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    • "Such variation of reported effects across studies could be partly explained by the heterogeneity of the BD sample being studied (e.g. combining subjects with BDI and BDII or combining subjects in different mood states), (Brooks et al. 2009), or differences in data acquisition methods or processing approaches (Jones and Cercignani 2010). Given these discrepancies in WM findings between BD and healthy subjects, further investigation using DTI is warranted. "
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    ABSTRACT: With the introduction of diffusion tensor imaging (DTI), structural differences in white matter (WM) architecture between psychiatric populations and healthy controls can be systematically observed and measured. In particular, DTI-tractography can be used to assess WM characteristics over the entire extent of WM tracts and aggregated fiber bundles. Using 64-direction DTI scanning in 27 participants with bipolar disorder (BD) and 26 age-and-gender-matched healthy control subjects, we compared relative length, density, and fractional anisotrophy (FA) of WM tracts involved in emotion regulation or theorized to be important neural components in BD neuropathology. We interactively isolated 22 known white matter tracts using region-of-interest placement (TrackVis software program) and then computed relative tract length, density, and integrity. BD subjects demonstrated significantly shorter WM tracts in the genu, body and splenium of the corpus callosum compared to healthy controls. Additionally, bipolar subjects exhibited reduced fiber density in the genu and body of the corpus callosum, and in the inferior longitudinal fasciculus bilaterally. In the left uncinate fasciculus, however, BD subjects exhibited significantly greater fiber density than healthy controls. There were no significant differences between groups in WM tract FA for those tracts that began and ended in the brain. The significance of differences in tract length and fiber density in BD is discussed.
    Brain Imaging and Behavior 10/2012; 7(2). DOI:10.1007/s11682-012-9202-3 · 4.60 Impact Factor
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    • "For example, the medial prefrontal cortex, a region implicated in cognitive perspective taking (Eslinger, 1998; Shamay-Tsoory et al., 2009) and theory of mind (Gallagher and Frith, 2003; Mar, 2011), shows hyperactivity (Biver et al., 1994; Nofzinger et al., 2005) and reduced tissue volume (Lai et al., 2000; Lacerda et al., 2004) in patients with MDD. The dorsolateral prefrontal cortex (DLPFC), shows tissue volume loss (Coffey et al., 1993; Konarski et al., 2008; Brooks et al., 2009) and hypometabolism in patients with MDD (Biver et al., 1994; Dunn et al., 2002; Davidson et al., 2003) and may contribute to reductions in cognitive flexibility and the generation of ideas also thought requisite to empathic responding (Eslinger, 1998; Rankin et al., 2005). Moreover, tissue volume loss (Sheline et al., 1998; Caetano et al., 2004; Hastings et al., 2004) and hypermetabolism (Drevets, 2000; Sheline et al., 2001) has been reported in the amygdala, a region involved in modulating attention to emotionally salient stimuli (thought to be necessary to understand and respond to the feeling states of others). "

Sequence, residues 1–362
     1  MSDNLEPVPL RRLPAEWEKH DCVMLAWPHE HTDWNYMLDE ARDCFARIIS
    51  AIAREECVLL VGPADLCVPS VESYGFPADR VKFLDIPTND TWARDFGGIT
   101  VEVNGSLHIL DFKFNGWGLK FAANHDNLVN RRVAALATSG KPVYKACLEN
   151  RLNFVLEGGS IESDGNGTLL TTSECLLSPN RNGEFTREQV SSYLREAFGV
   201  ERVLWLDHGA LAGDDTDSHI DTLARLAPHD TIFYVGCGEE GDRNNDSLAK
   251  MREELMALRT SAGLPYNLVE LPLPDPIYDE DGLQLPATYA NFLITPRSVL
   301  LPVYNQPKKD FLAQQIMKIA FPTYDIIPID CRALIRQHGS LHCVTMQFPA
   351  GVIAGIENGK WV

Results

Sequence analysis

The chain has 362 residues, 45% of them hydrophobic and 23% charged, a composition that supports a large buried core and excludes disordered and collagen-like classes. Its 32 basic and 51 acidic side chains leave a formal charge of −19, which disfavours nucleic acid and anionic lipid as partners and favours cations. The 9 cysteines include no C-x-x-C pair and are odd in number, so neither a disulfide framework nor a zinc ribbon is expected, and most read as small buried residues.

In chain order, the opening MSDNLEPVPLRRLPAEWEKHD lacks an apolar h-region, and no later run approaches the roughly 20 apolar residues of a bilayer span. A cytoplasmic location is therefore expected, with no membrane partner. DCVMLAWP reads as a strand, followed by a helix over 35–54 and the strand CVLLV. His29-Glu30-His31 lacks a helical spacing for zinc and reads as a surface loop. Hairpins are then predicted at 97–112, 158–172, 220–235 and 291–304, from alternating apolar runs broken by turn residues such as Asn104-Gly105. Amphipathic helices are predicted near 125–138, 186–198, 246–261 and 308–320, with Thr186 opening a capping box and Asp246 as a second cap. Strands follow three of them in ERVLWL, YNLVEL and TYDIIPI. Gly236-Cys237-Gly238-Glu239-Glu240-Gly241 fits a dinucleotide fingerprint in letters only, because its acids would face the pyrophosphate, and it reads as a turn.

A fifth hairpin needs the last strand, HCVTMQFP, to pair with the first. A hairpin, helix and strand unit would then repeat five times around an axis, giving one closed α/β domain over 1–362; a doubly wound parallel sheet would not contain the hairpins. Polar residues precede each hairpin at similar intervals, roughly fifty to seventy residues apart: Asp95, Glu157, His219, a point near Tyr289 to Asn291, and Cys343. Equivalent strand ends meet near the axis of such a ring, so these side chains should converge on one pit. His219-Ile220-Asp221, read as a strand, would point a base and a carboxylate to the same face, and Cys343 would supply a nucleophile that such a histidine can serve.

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    ABSTRACT: Individuals with major depressive disorder (MDD) demonstrate deficits in multiple social cognitive domains; however, systematic investigations of empathic responding have not been performed. Twenty patients with MDD completed two measures of empathy, the Interpersonal Reactivity Index (IRI: Davis, 1980, 1983) and the Toronto Empathy Questionnaire (TEQ: Spreng et al., 2009). Relative to matched controls, patients with MDD reported significantly reduced levels of empathy measured broadly on the TEQ and specifically in cognitive ('Perspective Taking') and affective ('Empathic Concern') domains captured by the IRI. A higher illness burden (i.e., greater number of past depressive episodes) was associated with greater reductions in perspective taking ability. This study provides early evidence of impaired empathic abilities in patients with MDD that may worsen with illness progression. Alternatively, reductions in perspective taking ability may contribute to a more severe course of illness in this population. Further longitudinal work is needed to characterize the relation between social cognitive performance and social functioning in this population.
    Psychiatry Research 07/2011; 188(2):231-6. DOI:10.1016/j.psychres.2011.04.013 · 2.47 Impact Factor